Art as an asset class increased in value by 9% in 20185, according to Knight Frank, and more was being spent on art than investment grade wine in 20176.

Jean-Christophe Gerard, Head of Barclays Private Bank EMEA, says: “Collectors not only buy art for emotional purposes, but also with an investment view, both aiming at return and value protection.”

With markets near the end of a bull run and economists predicting the next global recession with increasing vigour, investors are hunting for ways to diversify.

Art purchases can be a good investment in unstable economic times. It’s no coincidence that as Lehman Brothers filed for Chapter 11 bankruptcy in New York on September 15, 2008, Damien Hirst sold £70.5m of his own work at Sotheby’s.

Climbing demand

“Research has shown that fine art can function as a risk-reducing element in a portfolio because of its low correlation to equities or bonds, while also being a real asset, which provides a hedge against inflation,” says Gerard.

In 2009, the financial markets had their trading levels depressed to figures not seen since the late-1990s. The same year, global sales at auction for masterpieces was reportedly US$625m7.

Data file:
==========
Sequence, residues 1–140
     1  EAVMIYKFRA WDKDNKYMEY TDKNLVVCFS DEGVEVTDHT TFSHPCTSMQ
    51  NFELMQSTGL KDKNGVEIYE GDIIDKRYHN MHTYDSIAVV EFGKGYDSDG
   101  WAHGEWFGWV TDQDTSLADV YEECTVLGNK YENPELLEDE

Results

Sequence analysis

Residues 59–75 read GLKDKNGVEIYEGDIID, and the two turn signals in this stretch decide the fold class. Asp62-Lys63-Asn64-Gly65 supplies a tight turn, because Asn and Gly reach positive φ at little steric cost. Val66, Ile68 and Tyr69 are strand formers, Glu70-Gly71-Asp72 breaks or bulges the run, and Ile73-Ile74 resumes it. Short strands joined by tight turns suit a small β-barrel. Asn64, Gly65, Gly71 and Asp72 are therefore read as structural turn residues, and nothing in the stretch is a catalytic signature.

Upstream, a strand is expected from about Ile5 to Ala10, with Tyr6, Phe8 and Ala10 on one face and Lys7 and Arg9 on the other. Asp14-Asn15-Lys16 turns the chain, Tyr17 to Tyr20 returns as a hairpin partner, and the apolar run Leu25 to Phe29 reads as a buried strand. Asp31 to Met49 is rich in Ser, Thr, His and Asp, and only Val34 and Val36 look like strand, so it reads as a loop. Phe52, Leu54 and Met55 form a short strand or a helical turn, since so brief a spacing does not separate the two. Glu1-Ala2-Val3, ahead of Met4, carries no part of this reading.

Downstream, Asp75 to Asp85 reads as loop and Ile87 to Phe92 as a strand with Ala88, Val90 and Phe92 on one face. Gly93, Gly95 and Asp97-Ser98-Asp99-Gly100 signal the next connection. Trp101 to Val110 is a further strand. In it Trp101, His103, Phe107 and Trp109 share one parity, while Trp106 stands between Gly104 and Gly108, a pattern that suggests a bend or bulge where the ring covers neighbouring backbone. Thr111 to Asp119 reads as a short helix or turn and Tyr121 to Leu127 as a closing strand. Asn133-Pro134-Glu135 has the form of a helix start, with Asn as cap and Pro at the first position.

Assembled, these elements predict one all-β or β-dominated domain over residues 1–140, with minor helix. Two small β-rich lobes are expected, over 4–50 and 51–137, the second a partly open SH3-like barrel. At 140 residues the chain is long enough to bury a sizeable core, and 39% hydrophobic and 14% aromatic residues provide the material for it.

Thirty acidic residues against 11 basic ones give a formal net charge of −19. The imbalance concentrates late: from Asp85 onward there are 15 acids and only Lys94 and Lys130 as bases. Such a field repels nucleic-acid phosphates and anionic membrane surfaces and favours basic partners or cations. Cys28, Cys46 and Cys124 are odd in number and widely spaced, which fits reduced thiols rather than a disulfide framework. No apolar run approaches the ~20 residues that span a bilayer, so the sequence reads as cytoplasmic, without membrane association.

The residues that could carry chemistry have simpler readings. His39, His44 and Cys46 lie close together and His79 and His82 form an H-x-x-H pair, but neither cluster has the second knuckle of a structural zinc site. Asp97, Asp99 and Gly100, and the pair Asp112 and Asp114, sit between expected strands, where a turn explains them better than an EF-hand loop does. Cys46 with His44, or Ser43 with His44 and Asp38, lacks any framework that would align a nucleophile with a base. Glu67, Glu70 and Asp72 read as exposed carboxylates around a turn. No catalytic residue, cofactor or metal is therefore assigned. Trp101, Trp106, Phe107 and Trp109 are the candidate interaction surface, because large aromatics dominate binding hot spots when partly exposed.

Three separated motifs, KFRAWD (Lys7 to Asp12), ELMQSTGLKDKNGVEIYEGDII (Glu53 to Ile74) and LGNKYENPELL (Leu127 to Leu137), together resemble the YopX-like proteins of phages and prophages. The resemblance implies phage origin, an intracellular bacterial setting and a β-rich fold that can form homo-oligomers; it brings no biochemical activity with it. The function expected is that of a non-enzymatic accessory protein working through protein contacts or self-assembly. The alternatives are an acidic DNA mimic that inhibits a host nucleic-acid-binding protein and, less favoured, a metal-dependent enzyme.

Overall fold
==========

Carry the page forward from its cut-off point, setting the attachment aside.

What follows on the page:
While this figure was a drop from previous years, the art market’s recovery was also far faster than that of financial markets. Between 2007 and 2017 returns on art grew by 78%, according to the Knight Frank Luxury Investment Index for Q4 2017.


Exhibited at Art Monte-Carlo by artist Linda Fregni Nagler, from the series ‘Girls from the Southern Seas’, ‘44 tonkin woman’, 2019. Courtesy of the artist and Monica De Cardenas.

Art Monte-Carlo

Basking in the art world’s recent success and the Mediterranean sunshine, Art Monte-Carlo on April 26-28 promises to attract art collectors from across the globe for the fourth consecutive year.

Artists from emerging markets will be featured alongside those from Europe and the rest of the globe. An interactive installation by English artist Zoe Williams is likely to steal the limelight in the RIVA tunnel of Monaco’s harbour, which leads visitors into a banquet.